Other systemic inflammatory conditions of various body tissues including conjunctivitis, dermatitis, bronchitis, rhinitis, etc. brought about by injury, allergies, infections, microorganisms, trauma and chemical and physical agents are also relieved by the administration of DMG.
DMG is also active as an intramuscular injection. Clinical experience indicates that DMG will not interfere with most other drug therapies generally and can be given to patients regardless of age, sex, or general health status either by oral, IM or IV routes.
In another aspect of this invention, a patient, e.g. human, who is known to be susceptible to arthritis may be treated with DMG to prevent the formation of the disease. Such a patient may be one who is known to be susceptible to arthritis, e.g. those who have a family history of the disease, or who have had repeated or severe joint injuries.
The DMG used in the instant invention can be processed in accordance with conventional methods of galenic pharmacy to produce medicinal agents for administration to patients, e.g. mammals, including humans.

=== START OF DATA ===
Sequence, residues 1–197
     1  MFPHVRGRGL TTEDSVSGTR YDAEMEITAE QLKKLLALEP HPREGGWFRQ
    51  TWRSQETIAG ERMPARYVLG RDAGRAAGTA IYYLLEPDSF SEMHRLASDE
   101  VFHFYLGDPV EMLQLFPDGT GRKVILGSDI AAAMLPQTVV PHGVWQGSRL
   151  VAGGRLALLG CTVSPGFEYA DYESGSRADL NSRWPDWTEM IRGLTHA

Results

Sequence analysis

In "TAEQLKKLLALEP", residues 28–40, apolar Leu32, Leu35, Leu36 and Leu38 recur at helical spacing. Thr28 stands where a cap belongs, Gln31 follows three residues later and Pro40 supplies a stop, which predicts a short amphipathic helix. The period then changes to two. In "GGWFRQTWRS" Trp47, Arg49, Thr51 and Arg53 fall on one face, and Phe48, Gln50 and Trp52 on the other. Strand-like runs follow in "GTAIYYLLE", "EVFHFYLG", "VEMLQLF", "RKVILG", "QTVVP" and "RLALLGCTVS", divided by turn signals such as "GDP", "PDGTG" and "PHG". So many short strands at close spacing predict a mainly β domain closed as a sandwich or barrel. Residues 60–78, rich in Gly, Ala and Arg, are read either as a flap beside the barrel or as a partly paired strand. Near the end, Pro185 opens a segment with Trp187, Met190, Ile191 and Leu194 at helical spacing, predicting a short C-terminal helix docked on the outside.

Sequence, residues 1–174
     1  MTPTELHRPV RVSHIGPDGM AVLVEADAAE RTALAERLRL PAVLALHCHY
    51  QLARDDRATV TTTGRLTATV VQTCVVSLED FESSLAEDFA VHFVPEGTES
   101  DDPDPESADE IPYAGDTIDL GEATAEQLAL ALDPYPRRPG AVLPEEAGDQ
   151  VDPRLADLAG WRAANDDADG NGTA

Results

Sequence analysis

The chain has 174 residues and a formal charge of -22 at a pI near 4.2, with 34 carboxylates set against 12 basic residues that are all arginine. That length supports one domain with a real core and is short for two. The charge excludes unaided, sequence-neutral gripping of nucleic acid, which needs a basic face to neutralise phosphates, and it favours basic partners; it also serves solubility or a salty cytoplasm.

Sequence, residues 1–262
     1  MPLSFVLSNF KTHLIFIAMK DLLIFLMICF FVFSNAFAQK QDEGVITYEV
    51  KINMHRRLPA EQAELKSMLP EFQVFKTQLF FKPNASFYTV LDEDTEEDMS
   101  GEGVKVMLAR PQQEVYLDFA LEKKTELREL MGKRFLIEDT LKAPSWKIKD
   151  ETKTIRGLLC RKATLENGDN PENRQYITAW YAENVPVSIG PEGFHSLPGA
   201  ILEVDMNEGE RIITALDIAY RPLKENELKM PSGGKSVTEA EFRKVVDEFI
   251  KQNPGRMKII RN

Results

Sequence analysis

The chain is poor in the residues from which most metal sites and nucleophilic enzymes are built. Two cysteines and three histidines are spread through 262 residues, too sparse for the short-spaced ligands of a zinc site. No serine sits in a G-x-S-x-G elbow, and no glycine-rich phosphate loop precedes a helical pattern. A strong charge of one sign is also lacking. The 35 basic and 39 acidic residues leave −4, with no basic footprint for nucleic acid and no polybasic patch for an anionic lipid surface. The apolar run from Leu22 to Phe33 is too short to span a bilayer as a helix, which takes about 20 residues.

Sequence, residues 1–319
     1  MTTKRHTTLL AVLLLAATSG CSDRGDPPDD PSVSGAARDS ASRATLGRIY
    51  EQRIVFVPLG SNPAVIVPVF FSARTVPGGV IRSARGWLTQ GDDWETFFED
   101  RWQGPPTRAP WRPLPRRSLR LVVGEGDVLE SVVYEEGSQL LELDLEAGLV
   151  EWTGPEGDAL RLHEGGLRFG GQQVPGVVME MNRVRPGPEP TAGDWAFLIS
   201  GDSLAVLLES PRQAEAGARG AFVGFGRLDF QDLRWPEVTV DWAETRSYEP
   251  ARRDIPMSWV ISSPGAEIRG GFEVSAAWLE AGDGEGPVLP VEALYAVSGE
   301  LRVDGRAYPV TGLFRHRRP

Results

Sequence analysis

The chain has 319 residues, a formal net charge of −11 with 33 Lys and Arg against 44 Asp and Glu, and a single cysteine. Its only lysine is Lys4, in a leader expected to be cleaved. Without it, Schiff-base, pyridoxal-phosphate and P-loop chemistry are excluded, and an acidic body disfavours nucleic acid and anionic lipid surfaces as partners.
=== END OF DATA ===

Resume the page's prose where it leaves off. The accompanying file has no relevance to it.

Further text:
The DMG used in this invention can be employed in admixture with conventional excipients, i.e. pharmaceutically acceptable organic or inorganic carrier substances suitable for parenteral, enteral (e.g., oral) application which do not deleteriously react with the active compound. Suitable pharmaceutically acceptable carriers include but are not limited to water, salt solutions, alcohols, gum arabic, vegetable oils, benzyl alcohols, polyethylene glycols, gelatine, carbohydrates such as lactose, amylose or starch, magnesium stearate, talc, silicic acid, viscous paraffin, perfume oil, fatty acid monoglycerides and diglycerides, pentaerythritol fatty acid esters, hydroxy methylcellulose, polyvinyl pyrrolidone, etc. The pharmaceutical preparations can be sterilized and if desired mixed with auxiliary agents, e.g. lubricants, preservatives, stabilizers, wetting agents emulsifiers, salts for influencing osmotic pressure, buffers, coloring, flavoring and/or aromatic substances and the like which do not deleteriously react with the active compound. They can also be combined where desired with other active agents.